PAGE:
Jumpstart: Winner's Statement
CEO: Rob Waldron
Previous winner: 2004, 2005
What it does: Jumpstart recruits and trains college students to work with low-income preschool children and their families, stimulating and interacting with children to develop neurological skills and promote school success. The goal is three-pronged: to provide kids with one-on-one mentoring and instruction, to involve families in their kids' education, and to inspire college students to pursue preschool teaching careers.
Results: The number of kids in Jumpstart programs increased by 33% in 2004. And annual assessments show those participants make greater gains in school readiness skills than their peers.
Aspiration and growth: A-
Jumpstart's mission is to work toward the day every child in America enters school prepared to succeed. Founded on the belief that all children-regardless of social or economic circumstance-deserve an equal chance for success in school and in life, Jumpstart addresses the economic, educational, and social problems of school readiness to remedy the achievement gap for young children.
Young children need Jumpstart. The state of childhood education in the United States is alarming: 35% of children in America enter school unprepared to learn.
By kindergarten, on average, a child from a middle-income background has received up to 1,700 hours of one-to-one reading time while a child from a low-income background has received only 25. As a result, at first grade, the middle income child will have a vocabulary that is four times greater than his low-income peers. Since a child's knowledge of the alphabet in kindergarten is the strongest predictor of reading ability in 10 grade, this discrepancy is telling.
Jumpstart works to create an environment of lifelong learning for children by directly combating this school readiness gap. Jumpstart's unique program model builds school success for young children, inspires college students to become future teachers and leaders in education, and involves families in their child's learning experiences. All of these elements are echoed in the story of Jennifer:
Jennifer, now a third-grade teacher in Boston, is a former Jumpstart Corps member. Recently, she reunited with her Jumpstart partner child, Cheri, whom Jennifer mentored five years ago while a junior in college. When Jennifer first met Cheri, she was significantly behind her peers, barely able to use words. At this reunion, however, Cheri's father was thrilled to tell Jennifer that his daughter, now 9, had just won the Mayor's award for outstanding academic achievement. He thanked Jennifer for supporting and guiding Cheri, but Jennifer insisted it was she who should thank Cheri since she was Jennifer's inspiration to teach in the Boston Public Schools.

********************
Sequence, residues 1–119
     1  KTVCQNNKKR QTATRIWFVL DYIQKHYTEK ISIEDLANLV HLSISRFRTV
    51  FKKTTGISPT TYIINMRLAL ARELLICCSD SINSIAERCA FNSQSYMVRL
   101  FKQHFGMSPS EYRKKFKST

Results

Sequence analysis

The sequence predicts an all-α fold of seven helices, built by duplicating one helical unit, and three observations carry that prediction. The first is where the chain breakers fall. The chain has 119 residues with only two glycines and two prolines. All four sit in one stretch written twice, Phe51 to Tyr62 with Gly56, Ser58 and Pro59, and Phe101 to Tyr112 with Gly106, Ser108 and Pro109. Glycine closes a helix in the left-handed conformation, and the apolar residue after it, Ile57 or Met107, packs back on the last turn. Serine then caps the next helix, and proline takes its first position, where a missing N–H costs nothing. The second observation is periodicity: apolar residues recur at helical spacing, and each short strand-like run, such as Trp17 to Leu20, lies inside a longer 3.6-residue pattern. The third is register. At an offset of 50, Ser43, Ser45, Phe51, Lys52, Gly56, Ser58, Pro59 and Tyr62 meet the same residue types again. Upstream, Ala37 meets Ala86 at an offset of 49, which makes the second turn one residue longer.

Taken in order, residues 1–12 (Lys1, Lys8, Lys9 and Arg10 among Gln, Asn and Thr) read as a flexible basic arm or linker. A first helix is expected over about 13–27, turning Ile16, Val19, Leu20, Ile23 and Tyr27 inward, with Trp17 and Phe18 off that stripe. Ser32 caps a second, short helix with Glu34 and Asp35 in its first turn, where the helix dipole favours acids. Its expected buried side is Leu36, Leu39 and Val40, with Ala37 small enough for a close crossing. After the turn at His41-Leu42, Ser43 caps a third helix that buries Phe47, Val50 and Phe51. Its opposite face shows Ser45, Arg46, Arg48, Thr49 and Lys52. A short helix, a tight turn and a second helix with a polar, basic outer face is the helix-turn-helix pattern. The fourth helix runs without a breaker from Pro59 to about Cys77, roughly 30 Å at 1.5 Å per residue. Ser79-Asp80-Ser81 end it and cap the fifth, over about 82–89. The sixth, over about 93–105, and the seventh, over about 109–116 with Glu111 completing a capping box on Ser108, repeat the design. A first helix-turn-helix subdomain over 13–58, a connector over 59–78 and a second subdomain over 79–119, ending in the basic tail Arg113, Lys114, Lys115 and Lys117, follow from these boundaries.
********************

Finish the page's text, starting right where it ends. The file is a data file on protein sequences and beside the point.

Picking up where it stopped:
In Boston and all 60 locations across the country, Jennifer and thousands like her help Jumpstart address America's education crisis through a three-pronged strategy:
- Reduce the early education gap: Jumpstart Corps members provide each child with up to 300 hours of one-to-one reading time and individualized attention over the course of a school year.
- Transform preschool systems: Corps members dedicate time weekly to support teachers in their child's classroom, thereby improving the student/teacher ratio at 200 preschools nationwide.
- Create a pipeline of highly qualified teachers: Through intense, yearlong training, Jumpstart equips and inspires college students to become teachers and advocates for early education.
Today, nearly 10,000 children benefit from the 2,500 Jumpstart Corps members engaged in service. Jumpstart has quadrupled the number of children served over the past five years, while reducing the cost to serve each child. This efficient growth has allowed Jumpstart to make a significant regional and national impact. Jumpstart's Corps is now so large that the organization has increased the number of adults serving low-income 4-year-old preschoolers by 5% nationwide; in cities such as Boston and San Francisco, this figure is as high as 70%.
Jumpstart pairs growth with continued improvement in its impact on each child. Annual evaluation assures us that Jumpstart has a clear impact on the children it serves: Children enrolled in Jumpstart make statistically significant greater progress in school readiness skills than children who are not enrolled in Jumpstart. Lauded by Harvard Business School for performance measurement, Jumpstart continues assessing its impact on children, aiming to improve upon prior years, until one day every child in America will enter school prepared.
The above Winner's Statement was provided by the profiled organization.